Lyle Lovett and his Large Band
Robinson Center Music Hall
Lyle Lovett fronts a 17-piece band that sounds like Duke Ellington collaborated with Ray Charles and played gospel-tinged country for fun. Comparisons to musical legends don’t cut it, though, because nobody writes songs quite like Lovett. His dry wit is a perfect aw-shucks complement to the tightest, most accessible Large Band in existence. They’re dead-serious musicians who don’t take themselves too seriously. And as ol’ Duke would say, Lyle Lovett is simply “beyond category.”
He of the high hair took the stage after the fashion of the best R&B revues, meaning he gave his band a chance to show off for a few numbers first. “The Blues Walk,” a punchy horn-driven swing instrumental by ’50s jazz icon Clifford Brown, was the warm-up to a surprising selection, the ’80s funk tune “Walk the Dinosaur,” sung by his talented quartet of backup singers. Blues chanteuse Francine Reed followed up with “Wild Women Don’t Get the Blues,” reprising her show-stopping renditions of the tune at other stops here.
Lovett’s lush arrangements of his quirky, genre-bending tunes are very rehearsed and tightly executed. The rhythm section, led by veteran L.A. session drummer Russ Kunkel and bassist Lee Sklar, is as good as humanly possible. While this pair may not be household names, their recording history is such that nobody hasn’t heard them: They’re on records ranging from James Taylor and Neil Diamond to Neil Young and Joni Mitchell. In concert their masterful swing provided a solid foundation for the horn-driven Large Band. The Large Band also features a percussionist, a pedal steel player, two guitarists, a fiddle player, a cellist, and the brilliant Jim Cox on grand piano.
The band was fully assembled for the first and final portions of the two-and-a-half-hour show, and staples like “Here I Am,” “My Baby Don’t Tolerate,” “That’s Right You’re Not From Texas,” “She’s Hot To Go,” and “M-O-N-E-Y” were sensory delights. Lovett chose more sparse instrumentation for many songs, however, especially slower tunes like “Nobody Knows Me” and “If I Had A Boat.” The audience was hushed and raptly attentive for the achingly tender “You Were Always There,” a moody lament for Lovett’s late father. The finale of the show was the hand-clapping, Can-I-Get-A-Witness gospel of the hilarious song “Church,” and, appropriately, “Closing Time.”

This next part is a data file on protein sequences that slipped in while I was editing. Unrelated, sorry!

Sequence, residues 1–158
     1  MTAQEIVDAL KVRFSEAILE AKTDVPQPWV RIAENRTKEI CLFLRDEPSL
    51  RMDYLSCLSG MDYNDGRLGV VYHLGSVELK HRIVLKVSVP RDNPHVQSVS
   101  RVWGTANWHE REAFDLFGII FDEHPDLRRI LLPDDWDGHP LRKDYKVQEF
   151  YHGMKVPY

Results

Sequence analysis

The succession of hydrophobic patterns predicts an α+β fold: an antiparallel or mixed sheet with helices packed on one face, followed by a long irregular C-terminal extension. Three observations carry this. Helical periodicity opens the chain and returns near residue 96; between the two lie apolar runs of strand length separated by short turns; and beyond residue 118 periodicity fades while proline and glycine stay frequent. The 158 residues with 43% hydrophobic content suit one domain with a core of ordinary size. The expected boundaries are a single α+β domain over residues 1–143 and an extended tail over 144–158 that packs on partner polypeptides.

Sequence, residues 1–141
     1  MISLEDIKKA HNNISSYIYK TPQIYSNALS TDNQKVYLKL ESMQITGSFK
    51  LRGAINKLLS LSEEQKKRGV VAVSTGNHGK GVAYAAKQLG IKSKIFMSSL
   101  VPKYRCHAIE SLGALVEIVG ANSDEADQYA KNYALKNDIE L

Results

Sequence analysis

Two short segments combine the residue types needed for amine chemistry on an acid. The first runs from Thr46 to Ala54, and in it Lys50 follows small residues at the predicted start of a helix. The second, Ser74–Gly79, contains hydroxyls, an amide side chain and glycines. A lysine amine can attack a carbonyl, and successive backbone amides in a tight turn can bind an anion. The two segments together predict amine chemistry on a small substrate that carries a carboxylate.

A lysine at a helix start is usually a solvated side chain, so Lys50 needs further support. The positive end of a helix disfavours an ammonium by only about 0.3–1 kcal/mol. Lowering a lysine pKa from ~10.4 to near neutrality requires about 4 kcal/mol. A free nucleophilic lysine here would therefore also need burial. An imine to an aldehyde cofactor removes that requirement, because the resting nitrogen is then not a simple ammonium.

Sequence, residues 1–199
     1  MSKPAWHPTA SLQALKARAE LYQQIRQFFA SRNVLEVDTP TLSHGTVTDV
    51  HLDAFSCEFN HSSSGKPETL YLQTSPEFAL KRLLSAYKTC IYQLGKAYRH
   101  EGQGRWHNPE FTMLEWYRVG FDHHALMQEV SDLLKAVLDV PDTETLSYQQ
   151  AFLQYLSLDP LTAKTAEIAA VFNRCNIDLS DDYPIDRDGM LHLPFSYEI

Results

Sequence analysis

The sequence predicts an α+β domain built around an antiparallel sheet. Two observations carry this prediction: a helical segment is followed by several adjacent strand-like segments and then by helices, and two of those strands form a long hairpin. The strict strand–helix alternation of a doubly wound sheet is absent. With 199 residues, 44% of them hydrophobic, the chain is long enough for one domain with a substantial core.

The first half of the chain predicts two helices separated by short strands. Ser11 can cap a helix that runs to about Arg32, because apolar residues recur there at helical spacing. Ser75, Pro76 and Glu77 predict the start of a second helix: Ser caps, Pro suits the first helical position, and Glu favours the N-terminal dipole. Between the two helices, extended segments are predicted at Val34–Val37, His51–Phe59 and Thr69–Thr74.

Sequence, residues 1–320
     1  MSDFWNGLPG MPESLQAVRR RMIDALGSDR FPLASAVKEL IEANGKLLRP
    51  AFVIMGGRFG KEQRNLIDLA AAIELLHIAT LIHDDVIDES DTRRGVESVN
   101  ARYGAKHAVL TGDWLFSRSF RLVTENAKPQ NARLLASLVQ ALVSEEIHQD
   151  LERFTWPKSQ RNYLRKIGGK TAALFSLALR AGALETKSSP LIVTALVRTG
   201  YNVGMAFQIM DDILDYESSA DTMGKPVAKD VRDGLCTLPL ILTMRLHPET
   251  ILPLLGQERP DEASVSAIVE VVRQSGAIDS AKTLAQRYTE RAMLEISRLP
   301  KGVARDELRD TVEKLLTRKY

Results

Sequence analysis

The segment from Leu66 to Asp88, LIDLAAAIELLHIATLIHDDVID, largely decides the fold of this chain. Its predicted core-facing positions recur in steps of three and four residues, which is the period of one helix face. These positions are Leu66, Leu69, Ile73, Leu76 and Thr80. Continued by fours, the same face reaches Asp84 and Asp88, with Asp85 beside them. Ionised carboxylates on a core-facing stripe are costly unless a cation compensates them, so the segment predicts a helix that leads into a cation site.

Through and through, Lovett and the Large Band’s slickness was tempered by his wry humor and vulnerable yet soulful vocals. He is a unique entertainer who can take a stage bulging with top-tier players dressed to the nines playing jazzy arrangements and still come off so off-handedly accessible and human.
— By Tim Jones
Corey Cerovsek, ASO Masterworks
Canadian violinist Corey Cerovsek got the Arkansas Symphony Orchestra’s 40th anniversary season off to thrilling start, bringing Brahms to life with an energetic performance that again confirmed the young soloist as gifted musician and a charming entertainer.
The first show of the Stella Boyle Smith Masterworks series on Saturday at Robinson Center Music Hall featured three lively pieces. As bookends to Cerovsek’s performance, Itkin chose Hector Berlioz’ “Roman Carnival” Overture, a vibrant jaunt featuring spry interplay among the cellos and violas and a near show-stopping finish, and Antonin Dvorak’s “Symphony No. 7,” a dark but lovely piece.
But Cerovsek’s turn on stage truly electrified. Cerovsek, who begin studying violin at age 5, has performed throughout the world for dozens of orchestras working with an array of conductors. At age 33, the young virtuoso has already accumulated a lifetime of critical accolades and an enthusiastic fan base.
As in past ASO appearances, Cerovsek drew a big crowd because of technical skill and obvious love for the music. His enthusiasm was on display Saturday evening, and it proved infectious. Cerovsek and the ASO delved into Johannes Brahms’ “Concerto for Violin in D major, Op. 77,” a sweeping piece that unfurls in three diverse movements. We’re not sure whether it was the urgency of the Brahms composition, the energy of the soloist or the thrill of the first show of the new season, but Itkin and his orchestra have rarely seemed so enveloped by the music, so in thrall to its reveries and colorful bursts to quick tempos and gorgeous melodies. At times, Cerovsek and Itkin seemed to be dueling, each hoping to one-up the other, shooting knowing glances and nods at one another before plunging headlong into Brahms’ dizzying themes.
And, of course, Cerovsek’s solos remained stunning, picking up Brahms’ motifs and running with them, subtle, graceful and lyrical when necessary but on fire when the piece called for more sensational adventures. Following a long standing ovation, the young talent treated the audience to a quick solo from the slow movement of Bach’s “Sonata in C Major.” More subdued than his fiery performance with Brahms, it proved the perfect coda for a searing performance.
— By Lance Turner
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